Wednesday, June 8, 2011

What are some specific, local solutions to local problems? Guest Post by Alan R. Willard

Alan R. Willard is a 57 year old long
term resident of greater Bummerville
interested in community, organic living,
and a sustainable future.
Currently a care giver with a
micro-business, garden, family, and is
an active board member with the
Blue Mountain Coalition for Youth & Families.
By Alan R. Willard

How to create local solutions has been debated in our Dist. 2 community vision process in north east Calaveras County for the last 10 years at least. In fact it has been a subject of conversation in communities all over the USA. As our economic crisis continues to unfold it will be increasingly important to pay attention to the kind of helpful process’s we worked with stating in 99 and 2000 with the Rocky Mountain Institute , we called economic renewal. This set us on the road to answering the local problems, local solutions question.

One suggestion might be finding ways to get solar to more people. I think of all our power outages this last winter and wonder if there's a way to combine decentralized electricity production and putting the most vulnerable grid power lines under ground.

First, identify all the solar contractors working in our region, pay special attention to those local contractors.

Second, do a survey of the population finding what percentage would be interested in increasing there property value by installing solar systems. Determine how many could afford it.

Third, start a non-profit organization whose mission is to decentralize energy distribution, thereby making local energy production a priority. Have this non-profit also help low income people obtain solar systems helping to make local communities energy independent. All of this can represent jobs.

Fourth, combine this with local organic farming and farmers markets helping to set our communities on a path toward food independence. This also could represent more jobs. Maybe set up or become an active part of an organic farmers land trust, identify arable land and start setting it aside for sustainable local food production. Many separate 10 acre or less plots of well run organic farms can feed and employ many people.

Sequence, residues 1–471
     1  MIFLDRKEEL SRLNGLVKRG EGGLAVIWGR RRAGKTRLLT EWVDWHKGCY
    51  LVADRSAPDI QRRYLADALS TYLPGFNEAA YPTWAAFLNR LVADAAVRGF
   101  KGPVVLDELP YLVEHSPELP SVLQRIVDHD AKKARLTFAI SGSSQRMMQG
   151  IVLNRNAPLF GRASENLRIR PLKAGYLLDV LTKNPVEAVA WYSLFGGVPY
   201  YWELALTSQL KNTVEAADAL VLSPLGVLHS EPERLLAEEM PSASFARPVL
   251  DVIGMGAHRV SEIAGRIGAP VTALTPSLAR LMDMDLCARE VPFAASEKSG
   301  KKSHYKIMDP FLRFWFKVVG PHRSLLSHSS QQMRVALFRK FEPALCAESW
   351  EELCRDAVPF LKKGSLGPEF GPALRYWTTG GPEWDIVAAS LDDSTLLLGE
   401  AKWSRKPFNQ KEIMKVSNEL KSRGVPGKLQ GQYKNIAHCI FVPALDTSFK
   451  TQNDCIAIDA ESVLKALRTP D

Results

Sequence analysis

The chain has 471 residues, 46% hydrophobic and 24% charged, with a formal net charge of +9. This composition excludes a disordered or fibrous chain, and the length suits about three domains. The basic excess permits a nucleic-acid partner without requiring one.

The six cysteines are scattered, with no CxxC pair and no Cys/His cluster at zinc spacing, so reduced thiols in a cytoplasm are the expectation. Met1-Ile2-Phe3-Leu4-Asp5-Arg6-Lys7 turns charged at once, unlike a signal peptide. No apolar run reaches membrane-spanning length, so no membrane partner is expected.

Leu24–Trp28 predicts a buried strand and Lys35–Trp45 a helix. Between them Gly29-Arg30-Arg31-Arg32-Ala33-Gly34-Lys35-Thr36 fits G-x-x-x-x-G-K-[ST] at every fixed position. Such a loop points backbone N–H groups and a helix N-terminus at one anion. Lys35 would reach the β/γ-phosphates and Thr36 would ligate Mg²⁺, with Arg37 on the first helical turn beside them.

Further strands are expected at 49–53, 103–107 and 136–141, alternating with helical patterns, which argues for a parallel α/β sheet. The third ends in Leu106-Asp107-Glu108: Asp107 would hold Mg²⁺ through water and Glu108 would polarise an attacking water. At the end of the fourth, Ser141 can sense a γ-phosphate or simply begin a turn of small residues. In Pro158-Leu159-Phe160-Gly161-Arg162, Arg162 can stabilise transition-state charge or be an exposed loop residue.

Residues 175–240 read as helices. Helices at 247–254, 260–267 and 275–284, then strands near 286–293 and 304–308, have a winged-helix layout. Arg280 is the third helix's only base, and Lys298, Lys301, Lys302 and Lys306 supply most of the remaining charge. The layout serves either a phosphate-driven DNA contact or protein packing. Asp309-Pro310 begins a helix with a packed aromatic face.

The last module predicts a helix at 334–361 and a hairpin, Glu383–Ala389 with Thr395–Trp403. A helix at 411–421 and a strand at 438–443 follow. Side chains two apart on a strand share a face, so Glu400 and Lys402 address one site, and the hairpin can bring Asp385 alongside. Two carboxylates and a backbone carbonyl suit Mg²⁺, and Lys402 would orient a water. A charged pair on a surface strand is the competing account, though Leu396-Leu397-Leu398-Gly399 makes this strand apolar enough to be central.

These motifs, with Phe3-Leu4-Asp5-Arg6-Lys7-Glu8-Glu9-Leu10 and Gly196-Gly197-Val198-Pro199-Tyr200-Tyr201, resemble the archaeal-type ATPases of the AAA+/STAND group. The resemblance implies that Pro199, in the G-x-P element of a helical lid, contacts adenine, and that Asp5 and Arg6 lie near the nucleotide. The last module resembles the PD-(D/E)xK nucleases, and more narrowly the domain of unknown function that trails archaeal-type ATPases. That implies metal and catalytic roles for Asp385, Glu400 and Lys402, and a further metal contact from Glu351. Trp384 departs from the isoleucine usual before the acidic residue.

Tell me this, do people between the ages 16 and 25 see the job market as a local problem? What are they passionate about? What would make young people chose to stay in a rural area? I just attended a fund raising event addressing the issue of local community sustainability and I don’t think I saw 5 people under 30, most 50 or better.

Katherine Evatt of the Foothill Conservancy suggests more local solutions.
Individuals can shop local instead of going to Costco or other distant stores. Get businesses to buy from each other. Develop a community currency, since the big-box and chains won't take it. Support entrepreneurs. Help small business people grow their businesses instead of trying to "attract" businesses from elsewhere. Produce and sell to locals products imported to the area now (wood pellets, for example).

Local, community radio can open the doors of communication about these issues. Help us find a core group of people in each community who can help make a local community radio station happen. This is from Rick Torgerson after attending a radio conference in SF today.
“I would also like to start a regional newspaper that is tied to the station. (90.7 KQBM) make the newspaper (West Point/Up Country NEWS) a non-profit as well. that could bring in significant income and provide jobs. the newspaper and radio station can feed off of each other for content. we can tie all of the Calaveras and Amador communities together with these mediums and build a significant non-profit media entity in the mother lode."

1 comment:

  1. There are a lot of open lots that could also be smaller community gardens or even neighborhood gardens.
    The problem with solar in this country is that most of us cannot afford it.
    I appreciate the light you've shown upon these subjects.